My mission – my “blue flame” -  is to create software that helps patients (and their families) when they are the most vulnerable.  I am passionate about improving the lives of people suffering from debilitating illnesses.  To achieve my goals, I propose that we gather together as many smart, creative and passionate people as we can; let’s get our creative juices flowing and start crafting innovative tools to help people through their darkest hours.  At SXSW and beyond I hope to meet with others to share these ideas and collaborate on exciting solutions.

I have some ideas for how we can build a better breed of health care services for the future using the popular Twitter platform.I've put together a proposal for SXSW and would love to hear your thoughts on it.  

I am here and am ready to make a difference.

about the guest blogger: visit Tal's website Life After Cancer. Vote for his SWSX proposal here.  

Saturday, August 21, 2010

Exercise and the Cancer Patient – All You Need to Know

Another Guest Blogger Enjoy

It’s a horrible disease, one that makes you suffer even if lets you live. No one can claim to know what a cancer patient goes through unless they’ve had some form of this dreaded disease as well. The shock of the initial diagnosis, the pain of the chemotherapy and radiation therapy, the loss of dignity and control over your life, the fear of suffering and eventual death – the list of agonies goes on and on when it comes to cancer. Even survivors are battle-scarred – they’ve lost so much of their life and sometimes even lose the will to fight the disease even though they’re over the worst of it, simply because they feel too exhausted mentally and physically.

However, exercise helps make a significant difference in the lives of cancer patients; whether they’re part of the rehab procedure or a regular part of the survivor’s life, workout routines provide them with:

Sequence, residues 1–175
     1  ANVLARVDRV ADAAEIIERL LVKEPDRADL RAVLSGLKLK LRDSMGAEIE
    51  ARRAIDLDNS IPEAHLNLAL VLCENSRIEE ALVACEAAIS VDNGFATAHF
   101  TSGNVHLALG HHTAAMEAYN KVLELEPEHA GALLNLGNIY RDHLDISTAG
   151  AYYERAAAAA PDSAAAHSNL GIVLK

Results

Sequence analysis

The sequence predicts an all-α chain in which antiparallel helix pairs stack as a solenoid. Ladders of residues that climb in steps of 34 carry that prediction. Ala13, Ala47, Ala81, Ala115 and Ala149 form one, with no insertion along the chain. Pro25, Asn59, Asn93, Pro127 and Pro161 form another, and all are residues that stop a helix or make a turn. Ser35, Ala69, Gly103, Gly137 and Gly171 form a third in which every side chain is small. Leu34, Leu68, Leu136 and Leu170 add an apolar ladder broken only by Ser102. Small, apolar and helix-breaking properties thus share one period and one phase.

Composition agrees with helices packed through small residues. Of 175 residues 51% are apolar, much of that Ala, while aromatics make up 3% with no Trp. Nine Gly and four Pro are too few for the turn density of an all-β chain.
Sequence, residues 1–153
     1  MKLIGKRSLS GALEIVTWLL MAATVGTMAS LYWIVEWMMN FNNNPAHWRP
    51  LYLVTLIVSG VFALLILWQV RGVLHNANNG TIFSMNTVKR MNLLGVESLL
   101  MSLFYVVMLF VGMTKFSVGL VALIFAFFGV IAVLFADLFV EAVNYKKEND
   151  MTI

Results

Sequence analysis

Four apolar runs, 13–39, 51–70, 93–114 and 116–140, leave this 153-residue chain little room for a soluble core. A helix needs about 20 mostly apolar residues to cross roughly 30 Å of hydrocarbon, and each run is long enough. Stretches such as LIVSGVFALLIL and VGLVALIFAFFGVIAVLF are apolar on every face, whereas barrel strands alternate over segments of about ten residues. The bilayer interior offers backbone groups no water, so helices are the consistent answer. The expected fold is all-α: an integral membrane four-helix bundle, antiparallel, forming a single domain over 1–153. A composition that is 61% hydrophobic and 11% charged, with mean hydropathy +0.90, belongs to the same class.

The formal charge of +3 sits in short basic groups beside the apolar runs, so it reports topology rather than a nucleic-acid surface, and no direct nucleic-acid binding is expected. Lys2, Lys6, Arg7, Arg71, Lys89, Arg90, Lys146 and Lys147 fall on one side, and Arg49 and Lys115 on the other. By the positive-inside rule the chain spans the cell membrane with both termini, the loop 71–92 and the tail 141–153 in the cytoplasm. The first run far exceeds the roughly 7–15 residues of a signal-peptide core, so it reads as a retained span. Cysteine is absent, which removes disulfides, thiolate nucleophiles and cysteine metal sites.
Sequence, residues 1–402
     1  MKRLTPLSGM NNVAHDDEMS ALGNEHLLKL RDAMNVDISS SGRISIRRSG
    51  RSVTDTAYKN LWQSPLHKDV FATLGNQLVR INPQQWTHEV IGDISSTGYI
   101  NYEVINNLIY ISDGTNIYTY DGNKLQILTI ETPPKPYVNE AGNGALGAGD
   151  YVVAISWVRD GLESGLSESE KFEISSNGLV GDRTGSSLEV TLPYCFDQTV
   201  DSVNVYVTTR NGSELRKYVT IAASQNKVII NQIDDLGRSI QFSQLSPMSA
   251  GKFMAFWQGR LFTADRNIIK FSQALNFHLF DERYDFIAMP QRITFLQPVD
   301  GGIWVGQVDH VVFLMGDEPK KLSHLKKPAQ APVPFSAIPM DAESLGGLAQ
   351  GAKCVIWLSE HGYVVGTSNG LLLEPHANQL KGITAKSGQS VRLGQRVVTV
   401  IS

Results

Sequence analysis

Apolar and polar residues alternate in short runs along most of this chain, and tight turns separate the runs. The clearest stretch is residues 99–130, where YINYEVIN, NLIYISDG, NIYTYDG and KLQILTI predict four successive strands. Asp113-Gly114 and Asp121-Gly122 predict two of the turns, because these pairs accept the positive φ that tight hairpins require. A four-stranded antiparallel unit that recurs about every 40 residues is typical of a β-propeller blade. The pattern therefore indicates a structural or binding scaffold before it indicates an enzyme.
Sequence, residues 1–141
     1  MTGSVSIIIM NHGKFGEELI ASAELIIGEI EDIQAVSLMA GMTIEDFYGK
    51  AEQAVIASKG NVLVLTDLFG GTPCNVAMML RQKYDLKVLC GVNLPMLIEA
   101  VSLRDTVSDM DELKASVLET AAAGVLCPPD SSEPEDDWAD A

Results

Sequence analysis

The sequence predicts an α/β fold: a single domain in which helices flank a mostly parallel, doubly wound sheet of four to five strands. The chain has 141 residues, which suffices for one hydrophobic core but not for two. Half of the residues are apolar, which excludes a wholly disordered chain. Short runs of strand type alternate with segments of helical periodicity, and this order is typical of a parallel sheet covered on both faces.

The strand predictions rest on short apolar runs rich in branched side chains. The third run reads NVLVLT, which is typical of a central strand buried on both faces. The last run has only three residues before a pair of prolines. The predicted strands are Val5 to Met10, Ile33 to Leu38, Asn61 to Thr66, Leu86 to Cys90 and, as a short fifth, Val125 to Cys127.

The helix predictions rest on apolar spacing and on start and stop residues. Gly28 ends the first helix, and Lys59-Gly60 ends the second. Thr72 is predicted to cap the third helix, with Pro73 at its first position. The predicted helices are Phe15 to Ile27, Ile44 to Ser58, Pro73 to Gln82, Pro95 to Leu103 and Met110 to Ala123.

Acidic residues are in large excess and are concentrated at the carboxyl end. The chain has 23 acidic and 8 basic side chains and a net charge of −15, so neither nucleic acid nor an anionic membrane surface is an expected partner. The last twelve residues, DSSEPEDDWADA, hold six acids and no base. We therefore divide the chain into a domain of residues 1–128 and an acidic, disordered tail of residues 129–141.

• An increase in strength: When you’ve been ill for a while, your muscles atrophy and your limbs and joints become stiff and clumsy. You find that you stumble when you walk and that even the most simple chores and activities are now strenuous exercises. When you exercise so that your muscles and joints become stronger and more nimble, you feel yourself returning to normal and feeling fine.

• A boost in confidence: Exercise boosts both physical and mental wellbeing; just the fact that you’re able to move your limbs and go through the workout routine your therapist had designed for you is a boost to your confidence because it proves that you’re fighting the disease with all you’ve got and not letting it get you down. When you’re mentally prepared to do all it takes to fight cancer, it makes a huge difference in your ability to recover.

• Lower complications: When you exercise, you reduce the side effects and complications caused by your illness. You don’t suffer from blood clots and bedsores because of being holed up in bed for too long, and your overall health improves even as you battle cancer.

• Overall improvement in health: Exercise helps you sleep better and sometimes even removes the need for pain medication. Your appetite improves and you’re able to eat nutritious food that boosts your heath. And you start to look and feel better as your energy levels go up and you feel stronger than before.

Your physiotherapist will probably give you a range of exercises to go through every day; based on the nature of your illness, it could be passive or intense. Some routines target your ROM (range of movement) – for example, if you’ve had breast cancer and had your lymph nodes removed as part of the surgery, your arms and shoulders are going to feel stiff and heavy. Your therapist will teach you the right exercises so that you’re able to use your arms again without feeling any pain.

Exercise has also proved beneficial in reducing your risk of a relapse – breast and colorectal cancer research has shown that survivors who exercise are less likely to be affected by the disease again. So if you’re affected by cancer and on your way to recovery, don’t forget to include exercise in your arsenal of weaponry when fighting the disease.